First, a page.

Man Who Killed Hundreds of Deer Must Watch ‘Bambi’ Every Month in Prison



Trophy hunters David Berry; his sons, David Berry Jr. and Kyle Berry; and about a dozen others killed hundreds of deer in Missouri over a period of three years. After they shot the deer, they cut off and took the heads, leaving the bodies behind to rot.

“While there are some cases where go after the antlers for profit, with this bunch it was more about the thrill of the kill itself,” Randy Doman, protection division chief of the Missouri Department of Conservation (MDC), told the Springfield News-Leader.

The trophy hunters were arrested in August 2016, after the conclusion of one of the state’s largest investigations ever into the illegal of deer. More than 300 charges were filed against them in state, federal and international jurisdictions.

Photo credit: Wikimedia Commons

Among the charges were using illegal weapons—like bright lights at night to temporarily blind the deer so they freeze in place, making for an easy kill—and cruising along in their vehicles and deer from the roadside, which violates Missouri laws.

The Missouri Conservation Commission revoked Berry Sr.’s and Berry Jr.’s hunting, fishing and privileges for life.

This fall, the two men were arrested again for violating their probation. Berry Sr. posted bond and is waiting for a revocation of his probation, while Berry Jr. pleaded guilty to taking wildlife illegally. On Dec. 6, Lawrence County Judge Robert George sentenced him to one year in the county jail. A week later, Berry Jr. also received a 120-day sentence from Barton County Circuit Court for a felony firearms probation violation.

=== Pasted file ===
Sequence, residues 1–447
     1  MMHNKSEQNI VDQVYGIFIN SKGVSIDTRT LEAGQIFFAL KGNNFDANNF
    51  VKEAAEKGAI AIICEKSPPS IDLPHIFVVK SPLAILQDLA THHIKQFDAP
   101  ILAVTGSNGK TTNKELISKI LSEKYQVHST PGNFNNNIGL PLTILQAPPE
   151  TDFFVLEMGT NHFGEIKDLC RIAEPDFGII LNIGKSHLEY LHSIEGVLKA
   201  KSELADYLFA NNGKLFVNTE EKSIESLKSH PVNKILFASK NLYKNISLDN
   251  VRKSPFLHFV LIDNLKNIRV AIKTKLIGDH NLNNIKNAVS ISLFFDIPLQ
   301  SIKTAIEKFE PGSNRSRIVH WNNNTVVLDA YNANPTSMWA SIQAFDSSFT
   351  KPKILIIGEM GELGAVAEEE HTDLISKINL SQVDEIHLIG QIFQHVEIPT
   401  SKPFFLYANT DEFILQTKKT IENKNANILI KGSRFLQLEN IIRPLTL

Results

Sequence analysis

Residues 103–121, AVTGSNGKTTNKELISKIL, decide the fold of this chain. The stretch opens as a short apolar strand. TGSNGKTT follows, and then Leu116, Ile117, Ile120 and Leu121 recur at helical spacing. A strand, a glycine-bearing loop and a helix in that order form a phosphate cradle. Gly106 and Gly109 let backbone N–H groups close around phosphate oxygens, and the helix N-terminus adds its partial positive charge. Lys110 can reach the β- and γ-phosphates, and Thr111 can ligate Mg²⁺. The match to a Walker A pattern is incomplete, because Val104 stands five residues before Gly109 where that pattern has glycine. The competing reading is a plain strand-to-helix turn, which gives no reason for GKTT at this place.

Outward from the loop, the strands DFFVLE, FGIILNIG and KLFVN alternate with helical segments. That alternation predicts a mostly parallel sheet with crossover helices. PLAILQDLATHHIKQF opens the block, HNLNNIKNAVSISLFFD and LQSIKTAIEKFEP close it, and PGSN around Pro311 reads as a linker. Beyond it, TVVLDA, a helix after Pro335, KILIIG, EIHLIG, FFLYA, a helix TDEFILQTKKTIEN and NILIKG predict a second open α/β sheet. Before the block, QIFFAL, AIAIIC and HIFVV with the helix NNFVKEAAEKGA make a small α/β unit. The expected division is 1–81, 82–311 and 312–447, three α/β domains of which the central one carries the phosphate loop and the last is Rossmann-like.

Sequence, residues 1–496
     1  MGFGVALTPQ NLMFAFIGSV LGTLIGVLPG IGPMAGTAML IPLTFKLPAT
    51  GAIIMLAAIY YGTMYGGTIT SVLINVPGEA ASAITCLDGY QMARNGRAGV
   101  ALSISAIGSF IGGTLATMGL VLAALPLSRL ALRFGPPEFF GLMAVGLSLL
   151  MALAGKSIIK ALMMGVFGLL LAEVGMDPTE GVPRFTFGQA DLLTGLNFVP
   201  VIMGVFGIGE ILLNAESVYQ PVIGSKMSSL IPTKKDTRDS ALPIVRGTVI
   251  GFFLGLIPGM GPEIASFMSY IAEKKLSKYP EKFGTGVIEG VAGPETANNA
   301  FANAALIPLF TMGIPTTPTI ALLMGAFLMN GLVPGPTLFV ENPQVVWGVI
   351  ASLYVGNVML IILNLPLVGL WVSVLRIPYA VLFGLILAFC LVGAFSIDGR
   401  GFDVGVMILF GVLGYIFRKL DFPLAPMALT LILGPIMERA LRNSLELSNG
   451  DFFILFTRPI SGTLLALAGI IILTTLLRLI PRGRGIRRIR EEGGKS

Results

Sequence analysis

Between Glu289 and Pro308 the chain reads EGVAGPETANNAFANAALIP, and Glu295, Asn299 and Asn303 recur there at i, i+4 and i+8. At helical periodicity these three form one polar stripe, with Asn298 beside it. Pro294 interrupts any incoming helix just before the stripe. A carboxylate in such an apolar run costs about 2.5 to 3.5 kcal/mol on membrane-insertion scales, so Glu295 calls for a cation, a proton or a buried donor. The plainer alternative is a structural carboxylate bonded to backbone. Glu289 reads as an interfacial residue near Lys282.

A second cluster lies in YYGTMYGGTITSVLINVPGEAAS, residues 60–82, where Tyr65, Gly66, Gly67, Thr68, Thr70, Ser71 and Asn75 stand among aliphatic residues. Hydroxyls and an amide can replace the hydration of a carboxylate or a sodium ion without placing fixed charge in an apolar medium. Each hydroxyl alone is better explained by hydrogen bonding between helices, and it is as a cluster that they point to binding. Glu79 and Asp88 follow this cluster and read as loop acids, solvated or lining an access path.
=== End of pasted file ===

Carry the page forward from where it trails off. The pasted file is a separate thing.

The convictions were made thanks to tips provided to Operation Game Thief, a hotline sponsored by the MDC and the Conservation Federation of Missouri. The defendants had bragged to friends that they killed 1,200 deer, according to Lawrence County Prosecutor Don Trotter.

As Berry Jr. serves his (much too short) jail time, the judge added an unusual sentence: the deer killer must watch the movie once every month.

Spoiler alert! In this 1942 Disney classic that horrified a lot of us as kids, when the young fawn’s mother hears gunfire, she urges Bambi to run away as fast as he can from the hunter and not to look behind him. “Keep running!” are her final words.

“The judge was kind of trying to get through to this guy, some kind of emotional response over the gravity of what he has done,” Trotter told the New York Times. “Something more than just sitting there for 12 months in a jail.”

Judge George told the Times he felt that Disney movies “always placed the viewer in a unique opportunity to learn life lessons about relationships with others and the effects of decisions.”

While this sentence would be rather appalling to someone who cares about animals, will it really impact someone like Berry Jr.?

I’m thinking that a much, much longer sentence than 12 measly months—especially considering that Berry Jr.helped perpetrate one of the worst poaching cases in state history—would be more appropriate and could serve as a deterrent to other poachers. When he’s released from jail, Berry Jr. should be required to volunteer his time caring for real, live deer in a sanctuary or wildlife rehabilitation center.

What do you think? Is sentencing a trophy hunter to watch Bambi over and over again a good idea? Sound off in the comments below.

This article was first published by Care2.com on 20 Dec 2018.

 

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